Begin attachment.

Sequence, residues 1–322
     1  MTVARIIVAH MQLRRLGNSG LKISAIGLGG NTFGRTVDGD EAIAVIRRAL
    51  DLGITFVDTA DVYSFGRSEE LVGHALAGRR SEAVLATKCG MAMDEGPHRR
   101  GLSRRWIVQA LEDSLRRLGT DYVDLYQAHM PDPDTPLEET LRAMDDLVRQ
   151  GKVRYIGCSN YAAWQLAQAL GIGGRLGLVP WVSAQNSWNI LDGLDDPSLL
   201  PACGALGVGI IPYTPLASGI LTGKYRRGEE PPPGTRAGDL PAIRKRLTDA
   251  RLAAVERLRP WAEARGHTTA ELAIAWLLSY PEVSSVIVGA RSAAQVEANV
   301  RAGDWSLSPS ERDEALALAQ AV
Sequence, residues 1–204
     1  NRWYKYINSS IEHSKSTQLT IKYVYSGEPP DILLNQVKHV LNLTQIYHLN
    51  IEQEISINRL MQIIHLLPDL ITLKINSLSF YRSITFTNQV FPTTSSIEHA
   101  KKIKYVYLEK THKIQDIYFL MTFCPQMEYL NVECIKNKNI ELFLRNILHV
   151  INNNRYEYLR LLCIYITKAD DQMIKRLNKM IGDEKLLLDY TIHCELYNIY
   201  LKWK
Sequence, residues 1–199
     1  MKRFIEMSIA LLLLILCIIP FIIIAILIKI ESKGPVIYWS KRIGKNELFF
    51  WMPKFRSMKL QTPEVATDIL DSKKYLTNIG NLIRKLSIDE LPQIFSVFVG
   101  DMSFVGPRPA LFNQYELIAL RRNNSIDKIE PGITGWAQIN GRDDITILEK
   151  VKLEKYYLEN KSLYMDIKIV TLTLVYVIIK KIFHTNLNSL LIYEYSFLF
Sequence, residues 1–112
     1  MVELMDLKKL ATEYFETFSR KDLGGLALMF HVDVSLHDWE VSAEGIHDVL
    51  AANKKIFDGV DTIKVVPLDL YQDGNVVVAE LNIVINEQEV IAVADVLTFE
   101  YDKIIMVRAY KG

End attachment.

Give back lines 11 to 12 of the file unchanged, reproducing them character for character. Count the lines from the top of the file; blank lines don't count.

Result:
    51  IEQEISINRL MQIIHLLPDL ITLKINSLSF YRSITFTNQV FPTTSSIEHA
   101  KKIKYVYLEK THKIQDIYFL MTFCPQMEYL NVECIKNKNI ELFLRNILHV